Organised by Andrea Pető and Eszter Varsa (CEU, Gender Studies)
The Routledge International Handbook to Gender in Central-Eastern Europe and Eurasia examines the contemporary historical and political approaches to gender in Central-Eastern Europe and parts of Eurasia (CEE&E) from the 20th through the first two decades of the 21st century. With the collapse of communism starting in the late 1980s, the past three decades brought this large and previously relatively isolated region quickly into extensive contact with the rest of the world. The Handbook asks how political forces have organized gender before, during, and after communism and how individuals and women’s/feminist groups respond. This collection is structured to present the developments in the study of women and gender in CEE&E through the defining debates, highlighting specificity but also the many inviting and challenging connections globally. In 51 chapters, leading scholars examine the region’s highly diverse politics, histories, cultures, ethnicities, and religions, and how these structures intersect with gender alongside class, sexuality, coloniality, and racism.
Gender is always one of the main axes around which politics, economics, and societies are organized, but communist-party regimes in CEE&E explicitly politicized gender by raising and ostensibly solving the “woman question.” As Soviet power collapsed, state-defined gender ideologies transformed, making it even more obvious that not only social norms and economic conditions construct gender, but that gender is a structure of power shaped by distinct historical contexts. As the authors in the Handbook develop, we hold that gender represents systems of difference, privilege, and oppression that affect us all—women, men, and those who do not fit within these binary categories—and is created, not primarily through individual acts of sexism but through political, economic, and social processes, lived and inscribed into laws, informal norms, and practices. The Handbook demonstrates how gender has become politicized and central to the various regimes over the last century and a half in CEE&E.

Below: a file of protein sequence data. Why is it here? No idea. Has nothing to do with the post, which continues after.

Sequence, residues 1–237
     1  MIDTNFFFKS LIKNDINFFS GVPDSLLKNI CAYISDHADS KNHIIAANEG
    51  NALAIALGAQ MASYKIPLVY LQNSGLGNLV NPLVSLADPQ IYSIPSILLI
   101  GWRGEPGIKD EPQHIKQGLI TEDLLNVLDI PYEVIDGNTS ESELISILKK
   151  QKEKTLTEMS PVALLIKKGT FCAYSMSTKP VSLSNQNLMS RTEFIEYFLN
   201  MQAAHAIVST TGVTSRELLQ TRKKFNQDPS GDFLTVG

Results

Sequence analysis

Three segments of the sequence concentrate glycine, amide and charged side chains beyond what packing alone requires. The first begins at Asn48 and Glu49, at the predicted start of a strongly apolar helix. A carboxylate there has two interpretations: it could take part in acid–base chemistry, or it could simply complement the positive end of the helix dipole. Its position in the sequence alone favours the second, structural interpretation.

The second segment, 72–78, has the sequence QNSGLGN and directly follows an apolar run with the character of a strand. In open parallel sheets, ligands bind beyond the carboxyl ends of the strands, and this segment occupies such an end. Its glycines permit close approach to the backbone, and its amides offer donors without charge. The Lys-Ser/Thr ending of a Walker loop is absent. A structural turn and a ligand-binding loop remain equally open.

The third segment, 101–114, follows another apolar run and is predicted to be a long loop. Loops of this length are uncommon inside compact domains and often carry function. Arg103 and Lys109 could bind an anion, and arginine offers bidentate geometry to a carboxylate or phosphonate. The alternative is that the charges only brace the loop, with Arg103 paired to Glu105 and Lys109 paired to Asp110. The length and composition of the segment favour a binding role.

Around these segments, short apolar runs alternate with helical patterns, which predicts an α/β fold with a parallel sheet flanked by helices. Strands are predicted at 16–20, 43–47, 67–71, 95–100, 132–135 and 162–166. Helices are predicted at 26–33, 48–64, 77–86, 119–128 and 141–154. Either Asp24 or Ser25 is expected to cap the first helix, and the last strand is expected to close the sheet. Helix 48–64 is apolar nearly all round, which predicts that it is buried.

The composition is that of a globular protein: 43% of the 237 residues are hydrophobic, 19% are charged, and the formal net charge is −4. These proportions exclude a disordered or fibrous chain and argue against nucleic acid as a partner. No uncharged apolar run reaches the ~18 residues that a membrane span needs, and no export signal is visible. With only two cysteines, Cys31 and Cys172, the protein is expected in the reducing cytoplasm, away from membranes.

After a general introduction please join the editors and chapter authors for a digital conversation in zoom break out group on the study of gender in CEE&E and key themes of the book: 1) What are the advantages and challenges of its interdisciplinarity? 2) How useful have the debates--about western intervention, feminism, and the assessment of state socialist policies for promoting gender equality but also about the usefulness of traditional gender analytics--been for furthering this study? 3) How do ethical commitments inform our inquiry, including regarding the integration of race, intersectionality, and postcoloniality? 4) Whether and how it remains useful to consider as a region when it comes to analyzing gender?
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Meeting ID: 854 9683 5847
Katalin Fábián is a Professor of Government and Law at Lafayette College, Easton, PA USA. She wrote Contemporary Women’s Movements in Hungary: Globalization, Democracy, and Gender Equality (2009), and edited Domestic Violence in Postcommunist States: Local Activism, National Policies, and Global Forces (2010), as well as Democratization through Social Activism: Gender and Environmental Issues in Post-Communist Societies, with Ioana Vlad (2015), and Rebellious Parents: Parents’ Movements in Central-Eastern Europe and Russia, with Elżbieta Korolczuk (2017).
Janet Elise Johnson is a Professor of Political Science at Brooklyn College, City University of New York, USA. Her other books include The Gender of Informal Politics (2018), Gender Violence in Russia (2009), and Living Gender after Communism (2007). In the last few years, she has published articles in Slavic Review, Human Rights Review, Journal of Social Policy Studies, Politics & Gender, Perspectives on Politics, Journal of Social Policy, and Aspasia as well as online in The New Yorker, The Washington Post’s Monkey Cage, and The Boston Review. With Mara Lazda, she moderates a workshop on gender and transformation in Europe, formerly at New York University.
Mara Lazda is Associate Professor of History at Bronx Community College, City University of Brooklyn, New York, USA. Her regional focus is on Latvia, with broader research interests on the intersections between gender, nationalism, and transnationalism in historical and contemporary contexts. Her articles have appeared in the Journal of Baltic Studies, the International Journal of Politics, Culture, and Society, and Nationalities Papers. She currently serves as an editor for Aspasia: The International Yearbook of Central, Eastern, and Southeastern European Women's and Gender History.